A number of fiscal structural reforms are part of the adjustment efforts. The authorities passed in July a major pension reform that will limit the increase in pension spending during 2010-50 to 2.5 percent of GDP. While the reduction in pensions will be phased in pro-rata starting 2013, the increase in the retirement age will be fully effective in 2015. Further, the authorities are initiating a functional review of the public administration and social benefits.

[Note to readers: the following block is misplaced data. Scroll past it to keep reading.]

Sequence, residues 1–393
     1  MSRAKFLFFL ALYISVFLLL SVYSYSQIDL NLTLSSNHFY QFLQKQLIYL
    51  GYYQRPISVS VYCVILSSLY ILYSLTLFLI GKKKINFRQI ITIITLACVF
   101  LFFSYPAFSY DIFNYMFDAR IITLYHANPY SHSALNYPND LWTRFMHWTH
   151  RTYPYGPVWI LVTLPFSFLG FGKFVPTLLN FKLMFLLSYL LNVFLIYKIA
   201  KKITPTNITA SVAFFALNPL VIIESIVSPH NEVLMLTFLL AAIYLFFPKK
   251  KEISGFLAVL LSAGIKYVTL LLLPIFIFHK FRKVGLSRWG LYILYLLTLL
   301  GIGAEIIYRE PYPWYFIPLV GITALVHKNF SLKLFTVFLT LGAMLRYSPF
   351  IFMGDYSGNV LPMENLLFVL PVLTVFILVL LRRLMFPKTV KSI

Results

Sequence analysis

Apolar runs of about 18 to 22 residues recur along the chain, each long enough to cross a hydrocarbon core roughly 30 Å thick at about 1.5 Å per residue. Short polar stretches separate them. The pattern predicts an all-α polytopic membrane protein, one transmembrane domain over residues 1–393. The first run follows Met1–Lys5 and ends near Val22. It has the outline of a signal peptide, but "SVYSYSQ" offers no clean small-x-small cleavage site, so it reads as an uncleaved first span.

Fiscal institutional reforms are being strengthened. A new budget law was passed in July that overhauls budget preparation, execution, and monitoring procedures to support the fiscal consolidation strategy and to enshrine fiscal discipline at the general government level. The new law introduces an annual rolling three-year fiscal and budgetary strategy for the consolidated general government, top-down budgeting with medium-term expenditure ceilings for the state budget, and commitment controls to ensure spending is in line with budget ceilings. It also requires supplementary budgets for any overspending, establishes contingency reserves for unforeseen events, modernizes audits, and strengthens accountability and transparency, including by creating a parliamentary budget office. Most elements of the new legislation will become effective for the preparation of the 2011 budget. Importantly, the new law extends budgeting and reporting obligations and commitments to all local governments, social security funds, and other entities. The law also includes the principles to support fiscal consolidation after the expiration of the government’s current three-year program, which specifies annual fiscal targets. It does so by including the general principles and basic elements for establishing a fiscal rule that could be introduced at a later stage. These principles emphasize comprehensive coverage, medium-term focus, transparency, and credibility, among others. Together with improved tax administration, the structural fiscal reforms are estimated to yield 1.8 percent of GDP in 2013.